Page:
I love Ninjago! But, well, my fifteen-year-old isn’t incredibly enthusiastic about using his brothers’ character shampoos. 😀 And oh, I hear you about the YouTube thing–it’s EVERYWHERE!

  4. Steve D March 30, 2013 at 9:32 am #

    I just went and checked my Axe body wash. I was devastated!!! No naked woman on MY bottle :( . Seriously, I have bought Axe products for a number of years and never noticed if there were naked women on the bottle. Chances are, your son didn’t either.

    I know that there are some people who will argue that it’s subliminal sex. I went back to Axe after using Dove simply because the Dove men’s soap kept clogging the nozzle making it difficult to get it out and me washed at 6am. Naked women had nothing to do with it…

  5. Jessi March 30, 2013 at 9:58 am #

    I wrestle too with wondering what is overreacting and what is just ‘life’ (and not making things a bigger deal than they need to be). The same struggle can be related to Sports Illustrated. Do we refuse a subscription (in reality, they were being given to us for free, passed on from a friend) in principle b/c of the ads and swimsuit edition? I opted for allowing the magazine, but it came to me first, I previewed and removed all inappropriate ads (sorry if half a story went missing) and still allowed them to read the actual sports articles. But I suppose the same principle could be applied that we shouldn’t support them at all…

    • Jenny Rae Armstrong March 30, 2013 at 10:26 am #

      Yeah, there is the question of how buying something supports questionable marketing tactics. And then weighing that out against the benefits of the product…hmm…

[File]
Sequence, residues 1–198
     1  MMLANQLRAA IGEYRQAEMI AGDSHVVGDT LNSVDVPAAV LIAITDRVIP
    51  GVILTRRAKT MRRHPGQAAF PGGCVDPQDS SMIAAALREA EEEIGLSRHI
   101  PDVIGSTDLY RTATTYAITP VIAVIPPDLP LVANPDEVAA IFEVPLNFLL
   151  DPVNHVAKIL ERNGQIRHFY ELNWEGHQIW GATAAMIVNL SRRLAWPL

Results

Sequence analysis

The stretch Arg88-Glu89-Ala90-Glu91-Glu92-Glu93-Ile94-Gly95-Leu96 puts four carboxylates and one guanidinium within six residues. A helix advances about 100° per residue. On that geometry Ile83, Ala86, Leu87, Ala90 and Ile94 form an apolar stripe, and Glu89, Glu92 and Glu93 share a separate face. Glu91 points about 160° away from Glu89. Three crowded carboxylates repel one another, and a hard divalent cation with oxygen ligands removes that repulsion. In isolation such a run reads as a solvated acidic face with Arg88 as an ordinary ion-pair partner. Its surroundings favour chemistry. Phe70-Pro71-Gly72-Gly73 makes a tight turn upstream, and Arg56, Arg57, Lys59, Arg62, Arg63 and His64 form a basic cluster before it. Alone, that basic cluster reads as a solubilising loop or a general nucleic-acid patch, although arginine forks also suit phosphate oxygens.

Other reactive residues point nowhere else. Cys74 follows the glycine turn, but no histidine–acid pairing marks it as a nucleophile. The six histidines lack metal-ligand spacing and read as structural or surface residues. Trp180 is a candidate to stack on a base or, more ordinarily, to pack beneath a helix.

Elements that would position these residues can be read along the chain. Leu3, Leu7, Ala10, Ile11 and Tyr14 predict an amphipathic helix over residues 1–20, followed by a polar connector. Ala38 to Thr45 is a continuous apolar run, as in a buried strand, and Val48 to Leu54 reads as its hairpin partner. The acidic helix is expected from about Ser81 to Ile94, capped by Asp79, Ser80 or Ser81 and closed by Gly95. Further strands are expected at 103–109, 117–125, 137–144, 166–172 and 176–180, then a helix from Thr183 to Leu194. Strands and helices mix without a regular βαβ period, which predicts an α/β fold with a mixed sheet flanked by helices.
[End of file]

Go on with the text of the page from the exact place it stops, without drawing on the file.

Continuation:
6. Tim March 30, 2013 at 10:01 am #

    I’d take an exacto knife or box cutters and slice that corner off. If he notices, then you can talk to him about honoring women. If he doesn’t, then there was probably no problem in the first place. If he notices and he’s too embarrassed to say anything to you, then he’s just a typical teenager.

    Exacto knives and box cutters, cousins in the fight against oppression.

    • Steve D March 30, 2013 at 10:05 am #

      Also, a good ole Magic Marker could work as well. Less noticeable.

    • Jenny Rae Armstrong March 30, 2013 at 10:24 am #

      I think I’m going to talk to him and peel the label off. He’s used to me embarrassing him on topics like that. 😀 He handles it well.

  7. Steve D March 30, 2013 at 10:03 am #

    I wouldn’t ban it. At least until I had a conversation about why he chose Axe. The root issue isn’t that there is a silhouette of a nude woman on the label. That, in my opinion is not the primary discussion. My question would be why he chose Axe over other products. Does he like the scent? Does he think that Axe will make him more attractive to girls? How much of the advertising has he bought into? The reason he’s chooses will determine the fate of the product. If he likes the scent, I might remove THAT bottle. However, I would just have him be more careful in making choices in the future.

    If, however, he believes that Axe makes him more attractive, that is a whole different conversation.

    • Jenny Rae Armstrong March 30, 2013 at 10:18 am #

      I think I’m going to go with Tim’s and your advice–have a conversation with him about it, and peel the label off. I am quite sure he chose Axe because his friends use Axe–all the TV we do watch is online, so I don’t think he’s seen those weird commercials. If Axe makes him feel a little more confident socially, excellent–I just want him to be aware of the ways marketers use the female body to sell products, and be able to think critically about the implications of that.

  8. Beth Lattery March 30, 2013 at 10:15 am #